How I Stay Motivated to Work Out



Okay, so we all know exercise is good for us. Time and time again, research proves that it can reduce blood pressure, decrease inflammation, improve blood flow, and so much more. But let’s face it: in this busy world of ours, exercising consistently can be hard. In today’s post, I’ll share tips that I’ve used over many, many years to make sure I stay active.


1. Know thyself.


Here are some helpful questions to ask yourself when figuring out what form of exercise would be the best fit:


• Do you prefer working out solo or with a group?

• At home or in a gym?

• Someone telling you what to do or making it up yourself?

• Cardio or weights?

• High impact or low impact?

• Inside or outside?

• With an encouraging coach or no one’s involvement?

• Short and sweet or slow and steady?


There are no right answers here! It’s just about getting to know what your preferences are so that you pick something that’s a good fit (and therefore easier to maintain).


For those of you who prefer group workouts, enjoy cardio, and don’t know what to do on your own, Orange Theory or F45 might be a good choice. If you like working out at home alone, videos from something like BeachBody On Demand might be a better choice.


2. Set realistic goals.


I get it: when you don’t feel your best, it’s tempting to commit yourself to 90-minute workouts five times a week. However, this is completely unsustainable and will likely wear you out physically and mentally. And when that happens, it’s easy to say, “See!? This is why I hate working out!”


Set goals that are compatible with your life and err on the side of caution. In other words, if your ideal scenario would be to exercise five days a week, start at three days a week and work your way up. And remember that working out is about quality over quantity, meaning you do NOT have to spend hours on end at the gym to get a good workout.


3. Work with your body, not against it.


I prefer high-intensity workouts so sweating through an intense weight training session or bike ride outside makes me feel recharged and rejuvenated. However, let’s rewind to November/December of last year when all of a sudden, these usual workouts were making me feel lethargic and unmotivated.


It occurred to me that this made perfect sense from a physiological perspective: given that I was under very high levels of stress at the time, my nervous system was already working overtime and pumping cortisol and adrenaline through my body on a day-to-day basis. And yet, here I was doing extremely stimulating forms of exercise. It wasn’t what my body needed at all; in fact, it needed low-impact training like yoga, walking, pilates, and the like.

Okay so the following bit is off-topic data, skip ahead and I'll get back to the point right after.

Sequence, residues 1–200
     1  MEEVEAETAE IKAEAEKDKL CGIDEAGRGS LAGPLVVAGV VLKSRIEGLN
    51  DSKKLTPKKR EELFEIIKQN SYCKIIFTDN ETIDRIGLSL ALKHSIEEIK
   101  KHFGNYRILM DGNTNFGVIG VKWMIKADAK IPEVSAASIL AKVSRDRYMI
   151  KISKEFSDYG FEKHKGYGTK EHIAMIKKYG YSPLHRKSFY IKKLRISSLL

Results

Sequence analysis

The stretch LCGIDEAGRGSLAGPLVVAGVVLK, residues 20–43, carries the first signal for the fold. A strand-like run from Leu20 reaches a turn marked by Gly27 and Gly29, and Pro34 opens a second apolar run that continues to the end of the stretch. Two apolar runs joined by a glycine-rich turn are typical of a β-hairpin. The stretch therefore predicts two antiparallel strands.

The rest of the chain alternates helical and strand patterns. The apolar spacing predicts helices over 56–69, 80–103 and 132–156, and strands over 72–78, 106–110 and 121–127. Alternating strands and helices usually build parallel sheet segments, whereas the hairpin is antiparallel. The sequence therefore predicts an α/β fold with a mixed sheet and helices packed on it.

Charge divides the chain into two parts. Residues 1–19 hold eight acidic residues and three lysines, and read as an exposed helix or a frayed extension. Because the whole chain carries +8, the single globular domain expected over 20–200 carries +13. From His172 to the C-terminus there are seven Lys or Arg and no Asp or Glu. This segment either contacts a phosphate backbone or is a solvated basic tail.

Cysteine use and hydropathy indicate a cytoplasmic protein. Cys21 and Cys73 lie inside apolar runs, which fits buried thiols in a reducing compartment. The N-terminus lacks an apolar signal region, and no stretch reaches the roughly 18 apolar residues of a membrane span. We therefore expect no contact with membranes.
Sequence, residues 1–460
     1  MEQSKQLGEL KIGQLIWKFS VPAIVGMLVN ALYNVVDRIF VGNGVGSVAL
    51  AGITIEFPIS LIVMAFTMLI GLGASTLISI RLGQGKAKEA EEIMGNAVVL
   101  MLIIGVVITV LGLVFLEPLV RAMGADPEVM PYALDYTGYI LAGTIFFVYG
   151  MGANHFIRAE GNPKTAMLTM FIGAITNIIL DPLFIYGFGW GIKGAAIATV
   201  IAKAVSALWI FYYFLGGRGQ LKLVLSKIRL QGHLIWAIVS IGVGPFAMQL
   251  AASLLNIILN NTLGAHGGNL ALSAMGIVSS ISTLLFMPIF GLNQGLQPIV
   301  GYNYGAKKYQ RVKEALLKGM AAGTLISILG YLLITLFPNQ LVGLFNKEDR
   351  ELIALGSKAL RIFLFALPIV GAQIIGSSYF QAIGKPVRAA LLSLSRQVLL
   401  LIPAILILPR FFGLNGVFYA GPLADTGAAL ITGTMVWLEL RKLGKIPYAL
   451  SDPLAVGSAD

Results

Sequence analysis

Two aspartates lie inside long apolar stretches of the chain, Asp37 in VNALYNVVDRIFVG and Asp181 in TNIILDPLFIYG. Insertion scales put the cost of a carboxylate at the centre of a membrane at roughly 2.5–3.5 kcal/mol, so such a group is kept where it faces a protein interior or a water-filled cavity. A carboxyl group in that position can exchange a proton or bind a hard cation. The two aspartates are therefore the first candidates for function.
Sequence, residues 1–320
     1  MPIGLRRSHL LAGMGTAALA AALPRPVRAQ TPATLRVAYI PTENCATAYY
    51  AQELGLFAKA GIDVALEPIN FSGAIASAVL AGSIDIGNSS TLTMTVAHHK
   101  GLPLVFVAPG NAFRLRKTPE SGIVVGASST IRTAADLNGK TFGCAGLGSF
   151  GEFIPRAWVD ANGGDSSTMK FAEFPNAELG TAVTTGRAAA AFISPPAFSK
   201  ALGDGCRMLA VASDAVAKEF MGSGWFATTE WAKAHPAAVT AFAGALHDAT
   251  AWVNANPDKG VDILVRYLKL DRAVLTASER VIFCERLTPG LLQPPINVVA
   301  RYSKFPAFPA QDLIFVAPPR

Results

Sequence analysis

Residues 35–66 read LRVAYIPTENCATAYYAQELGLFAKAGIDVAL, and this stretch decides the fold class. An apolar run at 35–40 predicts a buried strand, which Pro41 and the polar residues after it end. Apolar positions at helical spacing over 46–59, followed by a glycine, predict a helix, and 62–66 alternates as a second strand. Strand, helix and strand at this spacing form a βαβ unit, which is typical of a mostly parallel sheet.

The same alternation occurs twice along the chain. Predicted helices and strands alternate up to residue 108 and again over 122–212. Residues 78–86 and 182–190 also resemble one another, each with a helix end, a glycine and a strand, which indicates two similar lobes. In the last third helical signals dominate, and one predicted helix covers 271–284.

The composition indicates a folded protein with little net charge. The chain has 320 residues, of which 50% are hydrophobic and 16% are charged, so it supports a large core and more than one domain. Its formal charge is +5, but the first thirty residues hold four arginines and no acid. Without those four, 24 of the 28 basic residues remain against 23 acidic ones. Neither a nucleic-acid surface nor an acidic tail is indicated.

The point is, pick a form of exercise that works with your body and nervous system and be flexible with yourself. If the idea of a 5km run feels too much one day, do a 5km walk instead. This doesn’t mean you’ve “failed,” it means that you’re simply giving your body what it needs—and you’re still getting more exercise than the person watching Netflix on the couch!


4. Redefine your “why.”


As we all know, one of the benefits of exercising is that it can increase muscle mass and encourage weight loss. But if changing your appearance is the only thing that’s motivating you to work out, this can catalyze a very unhealthy relationship with exercise. For starters, physical activity is more likely to become a form of punishment: “I'm only working out to burn off that pizza I ate last night.” (And why the hell would you want to do something associated with punishment?)


Secondly, using your body as your only metric of success is fickle. Our bodies experience bloating, menstruation, water retention, and more, which can all affect our appearance. Seeing these things as evidence that “exercise doesn’t do anything” is not only inaccurate, but it will make you feel defeated.